By now you're probably heard the story of Gene Cranick, whose house burned down while firemen watched because he didn't pay the $75 fire protection fee. I get the economic reason why the firemen wouldn't save his house -- if they do the work for free, they don't give anybody else an incentive to pay. Matt's idea that the fire service should've just charged $10,000 an hour or something for firefighting seems right to me. I wonder why they didn't do that.
But what really needs to be criticized here is the whole idea of a private fire department. The fire protection business, especially in a sparsely populated rural area, isn't something where you're going to get multiple businesses competing. So the usual arguments for a free-market system -- businesses are going to compete to offer a consumer the best price, the best businesses will survive, and consumers will end up better off -- don't apply. When you're stuck with a monopoly, you aren't going to get the benefits of free markets, so you might as well make it a government monopoly and give the citizens the ability to control it through voting.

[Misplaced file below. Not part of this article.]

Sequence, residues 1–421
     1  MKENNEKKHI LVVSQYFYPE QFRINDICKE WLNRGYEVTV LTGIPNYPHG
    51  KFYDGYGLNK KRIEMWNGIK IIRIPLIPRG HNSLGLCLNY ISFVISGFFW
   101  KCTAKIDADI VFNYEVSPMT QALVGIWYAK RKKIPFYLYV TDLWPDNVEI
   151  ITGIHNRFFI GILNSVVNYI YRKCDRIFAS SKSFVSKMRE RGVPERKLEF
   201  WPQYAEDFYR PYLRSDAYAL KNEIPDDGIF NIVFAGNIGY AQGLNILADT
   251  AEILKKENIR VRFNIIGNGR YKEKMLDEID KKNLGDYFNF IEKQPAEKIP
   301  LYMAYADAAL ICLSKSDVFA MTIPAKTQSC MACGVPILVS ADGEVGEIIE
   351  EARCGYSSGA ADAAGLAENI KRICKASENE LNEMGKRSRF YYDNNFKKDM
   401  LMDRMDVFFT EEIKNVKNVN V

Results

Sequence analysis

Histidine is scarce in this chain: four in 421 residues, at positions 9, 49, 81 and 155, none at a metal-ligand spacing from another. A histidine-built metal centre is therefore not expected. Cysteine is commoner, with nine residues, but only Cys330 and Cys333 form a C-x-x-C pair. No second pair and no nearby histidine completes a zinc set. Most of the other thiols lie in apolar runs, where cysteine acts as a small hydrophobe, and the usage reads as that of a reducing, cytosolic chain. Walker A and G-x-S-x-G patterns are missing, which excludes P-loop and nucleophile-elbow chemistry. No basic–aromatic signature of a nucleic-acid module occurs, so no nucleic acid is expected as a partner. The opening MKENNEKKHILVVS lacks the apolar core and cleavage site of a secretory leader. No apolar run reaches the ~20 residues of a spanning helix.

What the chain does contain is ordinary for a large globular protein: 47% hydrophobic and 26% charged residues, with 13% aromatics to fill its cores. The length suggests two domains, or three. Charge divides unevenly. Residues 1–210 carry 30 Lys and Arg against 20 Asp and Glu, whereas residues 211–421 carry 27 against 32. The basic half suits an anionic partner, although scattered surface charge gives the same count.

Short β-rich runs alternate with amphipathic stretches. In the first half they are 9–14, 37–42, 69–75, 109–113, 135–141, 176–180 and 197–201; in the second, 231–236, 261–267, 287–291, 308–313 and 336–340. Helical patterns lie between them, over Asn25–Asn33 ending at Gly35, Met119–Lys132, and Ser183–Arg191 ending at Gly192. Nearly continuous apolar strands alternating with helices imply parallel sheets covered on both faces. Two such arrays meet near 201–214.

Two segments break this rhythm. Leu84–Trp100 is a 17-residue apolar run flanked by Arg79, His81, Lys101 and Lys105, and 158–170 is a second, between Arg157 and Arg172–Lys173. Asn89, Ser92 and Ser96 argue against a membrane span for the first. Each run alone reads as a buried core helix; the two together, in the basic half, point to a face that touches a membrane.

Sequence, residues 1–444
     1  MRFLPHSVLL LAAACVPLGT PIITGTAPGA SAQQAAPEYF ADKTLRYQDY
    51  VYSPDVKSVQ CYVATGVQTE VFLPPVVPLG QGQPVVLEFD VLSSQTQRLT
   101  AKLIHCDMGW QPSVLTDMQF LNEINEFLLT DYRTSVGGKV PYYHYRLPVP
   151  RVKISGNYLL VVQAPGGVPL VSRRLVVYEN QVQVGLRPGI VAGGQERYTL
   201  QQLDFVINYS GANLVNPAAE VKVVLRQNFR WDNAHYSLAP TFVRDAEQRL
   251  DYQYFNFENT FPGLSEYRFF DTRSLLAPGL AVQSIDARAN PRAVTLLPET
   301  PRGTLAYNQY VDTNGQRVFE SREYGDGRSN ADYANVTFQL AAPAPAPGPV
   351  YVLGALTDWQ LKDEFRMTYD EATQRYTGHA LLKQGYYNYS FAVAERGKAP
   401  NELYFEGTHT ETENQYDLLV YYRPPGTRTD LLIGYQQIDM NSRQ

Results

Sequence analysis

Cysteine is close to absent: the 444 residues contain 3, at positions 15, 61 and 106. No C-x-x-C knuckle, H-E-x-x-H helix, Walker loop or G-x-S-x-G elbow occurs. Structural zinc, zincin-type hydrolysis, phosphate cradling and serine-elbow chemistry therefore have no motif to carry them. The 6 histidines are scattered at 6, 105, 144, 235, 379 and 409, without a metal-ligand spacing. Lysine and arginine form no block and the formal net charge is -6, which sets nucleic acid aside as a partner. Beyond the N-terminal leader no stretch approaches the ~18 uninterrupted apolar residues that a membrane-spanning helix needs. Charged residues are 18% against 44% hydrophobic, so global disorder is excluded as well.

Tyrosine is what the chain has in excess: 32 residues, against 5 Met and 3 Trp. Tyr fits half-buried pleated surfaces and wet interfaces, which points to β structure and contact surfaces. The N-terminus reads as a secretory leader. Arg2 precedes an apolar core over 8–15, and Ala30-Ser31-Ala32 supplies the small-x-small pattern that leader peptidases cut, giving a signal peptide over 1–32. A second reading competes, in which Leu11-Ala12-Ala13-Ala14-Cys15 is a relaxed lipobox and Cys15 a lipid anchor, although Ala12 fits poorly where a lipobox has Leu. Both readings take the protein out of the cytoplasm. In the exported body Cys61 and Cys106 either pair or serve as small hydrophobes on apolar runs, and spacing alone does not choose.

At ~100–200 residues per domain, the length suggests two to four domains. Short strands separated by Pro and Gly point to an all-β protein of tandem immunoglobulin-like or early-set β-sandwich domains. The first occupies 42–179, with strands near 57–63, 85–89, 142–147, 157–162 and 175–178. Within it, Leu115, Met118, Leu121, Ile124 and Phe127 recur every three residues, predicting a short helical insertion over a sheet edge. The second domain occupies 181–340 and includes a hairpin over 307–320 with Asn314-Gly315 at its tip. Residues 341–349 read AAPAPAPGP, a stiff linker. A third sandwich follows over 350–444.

I remember an old hilzoy post about how back in the 70s the battles were between free-market fundamentalists and socialists who thought the government should run everything. People who thought that these decisions should be made on a case-by-case basis, with focus on the particular circumstances involved, were in the middle. Over the next couple decades, the socialists all more or less disappeared and now it's free-market fundamentalists versus case-by-case types like me and most of the Democratic Party. Even if I'd disagree with the socialists on lots of stuff, I wish they were still a major force, because then the case-by-case types would have decisive influence.